"But I'm just a soul whose intentions are good:
Oh, Lord! Please don't let me be misunderstood."
– from the classic song "Don't Let Me Be Misunderstood," which you may think was originally recorded by The Animals, but was actually originally recorded by the magnificent Nina Simone. But I digress.
First of all, thanks to everyone who's responded to my original post on this subject, here in the Community, via e-mail, and otherwise. Second, my abject apologies for confusing or frightening those of you who interpreted my original post as some kind of abandonment of the platform-as-a-service (PaaS) market by ServiceNow.
(By the way, there really is no such thing as the "PaaS market," or the software-as-a-service (SaaS) market. PaaS and SaaS are delivery mechanisms, not markets. Regardless of what some analysts, confused customers, and hopeful vendors may say. )
Third, some clarification. Which is apparently much needed, and not just because of my original post. (An industry analyst recently told me and some ServiceNow colleagues that customers are asking questions like this. "We're looking at PaaS – how should we compare Amazon.com's offering with Salesforce.com's Force.com?" Even though the two solutions are all but impossible to compare directly, and are typically used for different types of tasks.)
To begin the clarification process, here's some of what I said originally, for those of you unable or unwilling to reread the entire original post. I think I'm quoting the parts that call out most stridently for the promised clarification. Please let me know if I'm not, though.
"ServiceNow is NOT a PaaS vendor seeking to compete with the likes of Amazon, Microsoft, Oracle, or even Salesforce.com. And here's why.
"ServiceNow sells an industry- and market-leading suite of native cloud-based applications for IT service management and enterprise service automation. Those applications run atop the ServiceNow Service Automation Platform, a powerful, robust, flexible, scalable, and secure cloud-based platform built from scratch for the cloud.
"That platform not only runs all ServiceNow applications, but creates a single system of record for enterprise people, processes, and resources. And ServiceNow customers and partners are building modern, agile, and effective custom applications atop that very same platform."
That last quoted sentence is the key take-away from the quote, and likely from the entire previous post. But it's the first quoted sentence that appears to have caused the most confusion and consternation among those of you who've been kind enough to provide feedback.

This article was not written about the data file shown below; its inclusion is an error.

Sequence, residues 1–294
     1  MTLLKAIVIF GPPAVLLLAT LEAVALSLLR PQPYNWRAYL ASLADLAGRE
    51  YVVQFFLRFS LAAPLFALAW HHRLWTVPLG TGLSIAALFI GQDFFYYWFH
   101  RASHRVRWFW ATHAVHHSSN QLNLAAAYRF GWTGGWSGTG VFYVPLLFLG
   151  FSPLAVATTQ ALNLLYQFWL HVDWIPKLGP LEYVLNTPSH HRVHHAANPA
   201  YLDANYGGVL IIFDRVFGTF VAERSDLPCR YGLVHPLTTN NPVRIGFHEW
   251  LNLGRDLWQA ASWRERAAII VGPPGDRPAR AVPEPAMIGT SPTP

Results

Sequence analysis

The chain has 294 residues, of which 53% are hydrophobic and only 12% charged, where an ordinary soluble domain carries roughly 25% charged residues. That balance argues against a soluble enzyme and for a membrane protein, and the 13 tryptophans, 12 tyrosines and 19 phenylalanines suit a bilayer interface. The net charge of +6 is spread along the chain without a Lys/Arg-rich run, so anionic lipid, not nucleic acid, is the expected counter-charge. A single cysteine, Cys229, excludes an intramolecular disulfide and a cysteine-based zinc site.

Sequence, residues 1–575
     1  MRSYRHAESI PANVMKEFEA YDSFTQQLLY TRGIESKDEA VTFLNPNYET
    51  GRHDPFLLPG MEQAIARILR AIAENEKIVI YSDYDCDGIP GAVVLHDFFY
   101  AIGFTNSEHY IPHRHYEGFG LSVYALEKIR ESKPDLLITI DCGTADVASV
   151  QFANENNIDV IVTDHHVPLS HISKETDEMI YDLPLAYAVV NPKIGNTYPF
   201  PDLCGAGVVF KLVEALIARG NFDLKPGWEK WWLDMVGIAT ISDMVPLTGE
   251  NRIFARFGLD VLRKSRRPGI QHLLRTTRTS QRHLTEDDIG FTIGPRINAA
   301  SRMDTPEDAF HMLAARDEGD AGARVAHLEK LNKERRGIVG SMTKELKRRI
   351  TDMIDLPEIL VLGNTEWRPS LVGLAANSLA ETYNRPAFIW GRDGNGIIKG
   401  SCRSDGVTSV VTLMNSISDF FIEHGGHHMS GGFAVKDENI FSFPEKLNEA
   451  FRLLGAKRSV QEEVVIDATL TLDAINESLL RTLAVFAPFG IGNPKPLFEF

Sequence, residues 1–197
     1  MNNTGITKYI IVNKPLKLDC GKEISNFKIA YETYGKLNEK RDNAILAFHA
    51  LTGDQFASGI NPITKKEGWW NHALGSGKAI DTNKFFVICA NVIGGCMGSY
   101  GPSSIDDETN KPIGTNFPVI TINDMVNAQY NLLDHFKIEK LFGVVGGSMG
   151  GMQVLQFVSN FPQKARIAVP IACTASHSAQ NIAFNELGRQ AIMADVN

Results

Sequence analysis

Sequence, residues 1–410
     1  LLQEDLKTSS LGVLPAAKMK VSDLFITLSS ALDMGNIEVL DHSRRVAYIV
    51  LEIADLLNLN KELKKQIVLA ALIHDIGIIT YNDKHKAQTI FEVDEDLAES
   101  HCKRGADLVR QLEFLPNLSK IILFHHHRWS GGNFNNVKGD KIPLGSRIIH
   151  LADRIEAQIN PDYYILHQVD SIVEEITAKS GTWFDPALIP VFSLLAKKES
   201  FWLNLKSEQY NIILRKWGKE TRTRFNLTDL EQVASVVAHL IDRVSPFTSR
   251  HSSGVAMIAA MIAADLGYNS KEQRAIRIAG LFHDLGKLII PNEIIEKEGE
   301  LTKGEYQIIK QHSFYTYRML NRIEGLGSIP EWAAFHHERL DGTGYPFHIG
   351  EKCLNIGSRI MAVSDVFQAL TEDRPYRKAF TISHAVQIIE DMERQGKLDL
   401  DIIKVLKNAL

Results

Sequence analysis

ServiceNow is not trying to position itself as pursuing the fragmented, confusing, and still-evolving PaaS (non-)market. Instead, ServiceNow is trumpeting the good news that its market-leading suite of applications for IT service management (ITSM) and automation is built upon a common, robust, built-for-the-cloud platform upon which users and partners are building and deploying really cool custom applications.
We do sell a platform, and it's a great one. One that customers of all types are using to create applications that make their businesses run better, and their users happier and more productive. And we certainly wouldn't turn away any customer who was interested in using the ServiceNow Service Automation Platform to build custom applications but who had little to no interest in using it for, say, ITSM. In fact, I daresay that we'll see an acceleration of cool ServiceNow customers building cool applications, for IT and beyond, with the Calgary release of the ServiceNow Service Automation Platform and beyond.
But our primary business focus is on the users, partners, and applications that got us to the industry- and market-leading position we now gratefully enjoy. Which means that we are concentrating our platform-focused activities primarily – but NOT exclusively – on helping current ServiceNow customers to extend the value of their investments. And which also means you will likely not see us going after "the PaaS market" in the same ways as, say, Amazon.com, Microsoft, Oracle, or Salesforce.com.
I hope that helps to clear things up. Again, please let me know, especially if it doesn't, so I can try again.
Michael Dortch, Sr. Product Marketing Manager, ServiceNow